One moment you Manny Pacquiao’s handsome mug in front of you; the next his face is dappled with what appears to be the Milky Way. What is it about getting smacked on the dome gives us such strange reactions?
Naturally, it starts with your brain.
A little set up: The part of the brain that handles what you see is called the occipital lobe,; it’s located at the back of your head. Its job is to take the information sent from the retina and turn it into something that makes sense to us. So before I know that the thing in front of me is actually my cat chewing on a power cord, my retina has to take the observable light, convert it first into a chemical signal and then into an electrical impulse, before sending back to my brain for processing. The occipital lobe will then say, yup, based on this information, that’s your cat trying to off himself. You get the idea; your eyes and your brain work together to understand what’s in front of you.
Your brain reads other types of stimulation, too. Robert Wade Crow, an assistant clinical professor of neuro-ophthalmology at UC Irvine explains, “If you irritate the brain, it may create a response like it’s normally used to creating, which is, in this case, a visual response.” Poking the occipital lobe can make it cry vision. The thing is, the response is not anchored to anything, so instead of seeing floating suicidal cats or baseballs speckling your vision when the occipital lobe is bumped, you just see light.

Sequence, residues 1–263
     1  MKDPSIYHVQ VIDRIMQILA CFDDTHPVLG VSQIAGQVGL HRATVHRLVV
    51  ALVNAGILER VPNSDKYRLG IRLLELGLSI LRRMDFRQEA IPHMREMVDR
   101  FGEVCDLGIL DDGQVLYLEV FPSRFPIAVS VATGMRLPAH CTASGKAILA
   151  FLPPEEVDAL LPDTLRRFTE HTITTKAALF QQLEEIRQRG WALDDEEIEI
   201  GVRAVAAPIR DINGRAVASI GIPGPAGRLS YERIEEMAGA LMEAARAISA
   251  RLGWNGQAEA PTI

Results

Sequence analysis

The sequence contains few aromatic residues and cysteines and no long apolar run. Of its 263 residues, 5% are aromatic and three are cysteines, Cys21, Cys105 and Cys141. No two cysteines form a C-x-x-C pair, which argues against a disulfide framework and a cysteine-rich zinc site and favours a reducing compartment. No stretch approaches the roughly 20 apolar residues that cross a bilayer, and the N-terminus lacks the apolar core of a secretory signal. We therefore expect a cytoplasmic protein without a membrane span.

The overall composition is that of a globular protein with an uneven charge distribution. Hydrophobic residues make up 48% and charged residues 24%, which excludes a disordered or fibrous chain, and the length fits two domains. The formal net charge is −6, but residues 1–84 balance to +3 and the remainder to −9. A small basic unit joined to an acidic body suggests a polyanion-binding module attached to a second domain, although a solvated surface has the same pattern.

Now this doesn’t happen all that often. When you hit your head on a counter while bending down to tie your shoes, for instance, your head stops suddenly, but your brain keeps moving. But because your brain is surrounded by cerebrospinal fluid, it’s cushioned from running into your skull. This fluid is what makes head banging and football possible without immediate brain injury. But when you or the thing hitting you moves at a high velocity, the situation changes.
It takes a pretty serious bump for the fluid cushioning system to fail to protect our brains. That baseball that zoomed through your hands and slammed into your forehead forces your skull to snap back, which can cause it to smack against the front part of the brain. Then, when you fall and hit the back of your head against the ground, your occipital lobe continues downward and can hit your skull. Voila: stars.
But no worries, there are less dramatic ways to get this effect. When you rub your eyes in the morning, you can see stars, too. “You can activate the retina just like you would when it sees light,” Crow explains. This is because the retina only really knows how to do one thing; it either sees light or it doesn’t. So when you apply pressure, you can basically make it think that that switch has been flipped. The duped retina will then send your brain something like an email with the subject line “light!” with no text in the body. So that’s what you get: flecks of uninformed light on top of the landscape that your brain can make sense of.
In any case, next time you see stars, let’s hope they’re the ones in the sky.
Rachel Swaby is a freelance writer living in San Francisco. Check her out on Twitter.